Now, however,  five of the 17 JNC 8 authors have written a commentary, published in Annals of Internal Medicine, disagreeing with this change. They say they are in agreement with the other major recommendations of JNC 8 but that they reject the new target, arguing that the evidence does not support the change, and predict that the change may well lead to harmful consequences.

Click here to read the full post on Forbes.

Confusion

 

Merck’s Vorapaxar Gets Positive FDA Review Reply

A few years ago a novel antiplatelet agent from Merck seemed all but dead. Vorapaxar, a thrombin receptor antagonist, was widely thought to have no future after unacceptably high serious bleeding rates were found in two large clinical trials studying the drug in a wide variety of acute and chronic cardiovascular patients. But hopes for the drug resurfaced with a new analysis of one of those trials, the TRA2P trial. Now the FDA appears willing to give the drug a renewed lease on life.

Click here to read the full story on Forbes.

 

Justice Department Investigating Aegerion Over Marketing Of New Cholesterol Drug Reply

Aegerion Pharmaceuticals disclosed today that it is being investigated by the US Department of Justice over its marketing of Juxtapid (lomitapide). The drug was approved in December 2012 to help further lower cholesterol in patients with homozygous familial hypercholesterolemia. The drug costs $250,000 a year. The approval came with a box warning about the risk of hepatotoxicity and a strict Risk Evaluation and Mitigation Strategy (REMS) Program which requires certification of health care providers and pharmacies before the drug can be prescribed and dispensed.

Last November the company received a warning letter from the FDA after Aegerion’s CEO, Mark Beer, made comments on CNBC improperly promoting the drug.

Click here to read the full post on Forbes.

 

 

Pivotal Medtronic Trial For ‘Breakthrough’ Blood Pressure Device Goes Down The Tubes Reply

The hypertension community woke up this morning to a large dose of reality with an announcement by Medtronic that the novel SYMPLICITY HTN-3 trial of its much-anticipated  renal denervation device had failed to meet its primary efficacy endpoint. Renal denervation has been widely touted as a breakthrough product that could dramatically lower blood pressure by as much as 30 mm Hg, allowing physicians to cure the most severe form of high blood pressure, resistant hypertension.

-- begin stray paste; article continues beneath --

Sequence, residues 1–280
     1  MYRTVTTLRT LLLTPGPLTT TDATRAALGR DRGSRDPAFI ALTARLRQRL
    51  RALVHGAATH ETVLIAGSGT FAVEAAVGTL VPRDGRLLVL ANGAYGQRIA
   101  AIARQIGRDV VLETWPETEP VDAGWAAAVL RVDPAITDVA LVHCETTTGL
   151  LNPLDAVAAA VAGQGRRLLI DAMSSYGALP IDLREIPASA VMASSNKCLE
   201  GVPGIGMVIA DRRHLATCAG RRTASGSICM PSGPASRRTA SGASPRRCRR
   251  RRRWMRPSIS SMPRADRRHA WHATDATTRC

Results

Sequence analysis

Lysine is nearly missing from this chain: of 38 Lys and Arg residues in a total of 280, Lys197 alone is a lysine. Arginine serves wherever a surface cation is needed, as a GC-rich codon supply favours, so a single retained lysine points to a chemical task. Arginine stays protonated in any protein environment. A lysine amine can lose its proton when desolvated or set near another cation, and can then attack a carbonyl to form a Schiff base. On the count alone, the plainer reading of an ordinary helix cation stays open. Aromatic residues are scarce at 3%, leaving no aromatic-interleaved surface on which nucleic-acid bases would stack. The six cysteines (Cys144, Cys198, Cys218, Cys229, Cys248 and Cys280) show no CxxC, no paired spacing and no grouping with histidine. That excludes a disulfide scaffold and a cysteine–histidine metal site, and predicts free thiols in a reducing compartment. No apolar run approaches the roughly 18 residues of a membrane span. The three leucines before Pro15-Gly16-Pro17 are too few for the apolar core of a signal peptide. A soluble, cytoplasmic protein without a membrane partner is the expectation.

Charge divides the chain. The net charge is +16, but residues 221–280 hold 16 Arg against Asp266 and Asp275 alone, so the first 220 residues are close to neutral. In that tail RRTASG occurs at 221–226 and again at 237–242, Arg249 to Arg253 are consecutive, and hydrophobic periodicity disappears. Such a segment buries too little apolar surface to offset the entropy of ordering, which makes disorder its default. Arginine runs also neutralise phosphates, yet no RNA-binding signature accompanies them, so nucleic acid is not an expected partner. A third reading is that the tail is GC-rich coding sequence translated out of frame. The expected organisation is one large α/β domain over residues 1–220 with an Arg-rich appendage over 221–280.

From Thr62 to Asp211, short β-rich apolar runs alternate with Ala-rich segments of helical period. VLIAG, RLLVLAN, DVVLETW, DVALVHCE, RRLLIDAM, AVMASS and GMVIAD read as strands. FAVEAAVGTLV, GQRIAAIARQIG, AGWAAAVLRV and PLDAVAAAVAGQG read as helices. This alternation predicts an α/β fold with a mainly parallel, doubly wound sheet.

“SYMPLICITY HTN-3 met its primary safety endpoint related to the incidence of major adverse events one month following randomization and renal artery stenosis to six months,” said Deepak Bhatt, the co-principal investigator of the trial, in the Medtronic press release. “Importantly, however, the trial did not meet its primary efficacy endpoint.”

Click here to read the full post on Forbes.

 

Hospital Quality Helps Explain Some Of The Racial Disparities In Outcomes After CABG Reply

It has long been known that racial disparities exist in health care. A large body of research has found that nonwhite patients have worse outcomes than whites. But it has been difficult to understand the underlying reasons for these disparities.  Now a new study offers evidence that, at least in the case of bypass surgery, a significant but by no means complete portion of this disparity is due to decreased access among nonwhites to high quality hospitals.

In a paper published in JAMA Surgery, Govind Rangrass and colleagues analyzed Medicare data from 173,925 CABG patients. 8.6% of the study population was nonwhite. The mortality rate was 3.6% for the entire population. Nonwhite patients had a 34% increased risk of dying.

A key finding was that the third of hospitals that had the highest proportion of nonwhite patients (more than 17.7% nonwhite) also had the highest risk-adjusted mortality for both white and nonwhite patients (3.8% and 4.8%)….

Click here to read the full post on Forbes.

 

First Retraction In the Don Poldermans Case Reply

Retraction Watch reports the first formal retraction of a paper by Don Poldermans, the disgraced Dutch cardiovascular researcher.

  • Feringa HH, Elhendy A, Bax JJ, Boersma E, de Jonge R, Schouten O, Karagiannis SE, Schinkel AF, Lindemans J, Poldermans D. Coron Artery Dis. 2006 May;17(3):255-9. Baseline plasma N-terminal pro-B-type natriuretic peptide is associated with the extent of stress-induced myocardial ischemia during dobutamine stress echocardiography.

Here is the text of the retraction: